You've basically answered your own question, because Minecraft is run off Java, and Minecraft PE, XBOX etc. are all on C++
It's impossible to have cross-play due to there being two totally different coding languages, that's my theory.
As I said earlier, this is entirely incorrect - let's see, what OS are you running? Windows I presume? Most Web sites use some variant of Linux, which has a very different filesystem from Windows - so how can we send files between computers? Because it is only the way they handle network traffic and interpret the data that matters - just as I can use a program coded in C++ to open a world created in Java:
That is not the same as "rename .jar to .zip, do a word search for a string that looks like XXXXX in this file, change these values, rezip and rename to .jar, done."
That doesn't come even close to accurately describing how to make a mod; ever opened a Java class file with a text editor? Just a bunch of nonsense - which must be decompiled into human-readable code, and even then it has to be deobfuscated and fixed up if you want to be able to recompile it (PS: Even Minecraft Java is NOT open source; obfuscation is done for the purpose of making it harder to decompile software - the issue is that Java can easily be decompiled back into reasonably accurate source) - there is a very good reason why virtually all mods require MCP (this includes Forge itself); the only modder that I know of who has gone through all the trouble of deobfuscating the game themselves is the creator of Optifine (I've also done a bit myself but only to make some very basic changes to a single class with a bytecode editor so I can hack 1.7+ to recreate the epic caves that older versions had, which depends on Mojang not changing the class I modify. Of interest, that is what you see in the first two links; after finding the class I can use Java Bytecode Editor to change the 15 and 7 on lines 7 and 18 to 40 and 15 respectively, the same ones used prior to 1.7 - shame on Mojang for not adding customization options for caves when it is that easy to change the size/frequency of cave systems!).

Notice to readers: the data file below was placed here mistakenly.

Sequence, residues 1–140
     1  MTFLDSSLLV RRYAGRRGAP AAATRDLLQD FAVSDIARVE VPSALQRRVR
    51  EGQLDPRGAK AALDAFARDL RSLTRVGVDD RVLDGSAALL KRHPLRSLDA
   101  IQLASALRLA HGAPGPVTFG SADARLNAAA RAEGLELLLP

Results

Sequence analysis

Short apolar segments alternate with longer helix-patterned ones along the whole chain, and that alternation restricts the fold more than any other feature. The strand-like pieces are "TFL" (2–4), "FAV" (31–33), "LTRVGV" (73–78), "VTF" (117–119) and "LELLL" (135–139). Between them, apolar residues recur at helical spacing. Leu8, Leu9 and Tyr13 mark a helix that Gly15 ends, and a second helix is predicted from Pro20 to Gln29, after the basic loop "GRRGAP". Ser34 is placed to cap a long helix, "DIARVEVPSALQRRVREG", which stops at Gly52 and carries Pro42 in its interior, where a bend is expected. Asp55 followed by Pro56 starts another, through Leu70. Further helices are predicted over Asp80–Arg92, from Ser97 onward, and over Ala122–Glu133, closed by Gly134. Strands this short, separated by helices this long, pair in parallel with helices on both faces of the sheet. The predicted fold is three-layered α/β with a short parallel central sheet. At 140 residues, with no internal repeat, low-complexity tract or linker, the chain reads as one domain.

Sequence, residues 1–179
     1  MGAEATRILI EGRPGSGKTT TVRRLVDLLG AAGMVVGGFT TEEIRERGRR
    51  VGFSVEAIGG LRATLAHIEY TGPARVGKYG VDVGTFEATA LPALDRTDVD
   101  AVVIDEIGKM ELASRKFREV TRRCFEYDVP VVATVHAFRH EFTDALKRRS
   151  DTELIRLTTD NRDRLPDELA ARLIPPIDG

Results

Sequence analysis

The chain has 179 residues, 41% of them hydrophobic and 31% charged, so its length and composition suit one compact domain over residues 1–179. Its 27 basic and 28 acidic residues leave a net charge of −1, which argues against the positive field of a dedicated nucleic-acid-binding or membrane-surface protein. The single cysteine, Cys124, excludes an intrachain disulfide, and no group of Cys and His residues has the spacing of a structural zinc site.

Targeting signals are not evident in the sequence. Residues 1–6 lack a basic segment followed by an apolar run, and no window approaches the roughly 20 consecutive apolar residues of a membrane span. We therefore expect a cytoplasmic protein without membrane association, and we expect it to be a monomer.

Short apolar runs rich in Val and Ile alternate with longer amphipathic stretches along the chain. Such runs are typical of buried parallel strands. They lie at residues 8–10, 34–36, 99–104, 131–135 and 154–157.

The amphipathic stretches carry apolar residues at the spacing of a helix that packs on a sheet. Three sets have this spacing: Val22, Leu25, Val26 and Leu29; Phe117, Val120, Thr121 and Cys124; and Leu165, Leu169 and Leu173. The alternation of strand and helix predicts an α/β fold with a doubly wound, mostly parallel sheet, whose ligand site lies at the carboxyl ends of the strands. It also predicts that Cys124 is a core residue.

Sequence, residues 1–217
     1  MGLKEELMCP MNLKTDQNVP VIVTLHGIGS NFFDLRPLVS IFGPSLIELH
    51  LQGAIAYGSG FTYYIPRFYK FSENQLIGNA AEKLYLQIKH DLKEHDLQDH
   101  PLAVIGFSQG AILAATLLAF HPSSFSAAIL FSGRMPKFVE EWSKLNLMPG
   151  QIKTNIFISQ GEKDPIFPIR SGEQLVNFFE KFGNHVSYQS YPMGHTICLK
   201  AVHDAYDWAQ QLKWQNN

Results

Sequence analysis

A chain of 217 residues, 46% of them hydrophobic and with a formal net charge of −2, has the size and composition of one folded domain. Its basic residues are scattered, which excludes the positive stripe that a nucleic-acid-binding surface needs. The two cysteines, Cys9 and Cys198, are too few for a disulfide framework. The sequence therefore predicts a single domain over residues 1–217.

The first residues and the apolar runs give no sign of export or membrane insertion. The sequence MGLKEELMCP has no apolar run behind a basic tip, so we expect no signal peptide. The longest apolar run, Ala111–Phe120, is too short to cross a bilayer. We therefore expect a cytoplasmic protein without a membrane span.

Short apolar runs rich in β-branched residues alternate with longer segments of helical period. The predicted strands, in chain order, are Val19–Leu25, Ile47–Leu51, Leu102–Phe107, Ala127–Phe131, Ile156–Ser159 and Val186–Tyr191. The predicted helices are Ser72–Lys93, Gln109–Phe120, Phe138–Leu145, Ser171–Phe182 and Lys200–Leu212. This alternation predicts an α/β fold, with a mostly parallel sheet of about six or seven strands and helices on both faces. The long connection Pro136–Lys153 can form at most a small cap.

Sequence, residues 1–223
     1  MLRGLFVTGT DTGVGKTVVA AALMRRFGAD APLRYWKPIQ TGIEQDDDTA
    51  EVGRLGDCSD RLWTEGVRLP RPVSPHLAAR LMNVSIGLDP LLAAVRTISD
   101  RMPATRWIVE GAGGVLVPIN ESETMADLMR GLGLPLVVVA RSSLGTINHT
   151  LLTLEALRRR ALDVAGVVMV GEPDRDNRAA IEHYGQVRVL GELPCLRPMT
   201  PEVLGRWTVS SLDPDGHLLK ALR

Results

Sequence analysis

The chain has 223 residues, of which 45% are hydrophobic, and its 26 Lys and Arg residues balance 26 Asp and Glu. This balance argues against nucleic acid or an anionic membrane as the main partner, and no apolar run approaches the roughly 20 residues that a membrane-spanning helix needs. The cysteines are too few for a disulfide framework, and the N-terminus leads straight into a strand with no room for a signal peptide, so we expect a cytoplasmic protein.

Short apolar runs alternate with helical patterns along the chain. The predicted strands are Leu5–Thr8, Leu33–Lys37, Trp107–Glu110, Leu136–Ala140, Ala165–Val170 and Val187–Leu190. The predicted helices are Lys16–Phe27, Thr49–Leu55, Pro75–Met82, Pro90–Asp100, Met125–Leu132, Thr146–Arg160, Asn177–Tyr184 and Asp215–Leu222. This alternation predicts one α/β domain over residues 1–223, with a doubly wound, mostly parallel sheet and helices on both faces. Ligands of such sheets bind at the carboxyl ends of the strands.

Making the Java version crossplay would be rather difficult. For one, the Java version is the only edition that's coded in a different language from the other versions, and secondly the two platforms still have different features. Probably not worth development time trying to resolve headaches, especially since the Jave Edition is the least bought version of the game and isn't what they consider the primary version anymore.
The language is entirely irrelevant to cross-compatibility; that is like saying that all of the map viewers and editors that use other languages (e.g. MCEdit is based on Python, MCMap C++, Unmined (older version) Delphi) shouldn't be possible but the only thing that matters is how they read the data from the save files on disk or interpret network packets and most modern programming languages and hardware platforms adhere to the same universal standards (e.g IEEE-754 for floating point).
The issue is not just that they have different features but that many blocks, items, entities, etc have very different IDs; for example, when they added new types of fences they made them use new block IDs in Java but metadata in PE (at least the block ID is the same as that for oak fences, but other blocks use totally different IDs). It would be possible to translate IDs and names (the game even does this when you open an older world since they are always changing various data formats; 1.12 can still read numerical item IDs from a world created before 1.8) but missing items and features are still an issue.
Also, consider that even revisions of the same update (such as 1.12, 1.12.1, 1.12.2) can often only connect to a server of the exact same version.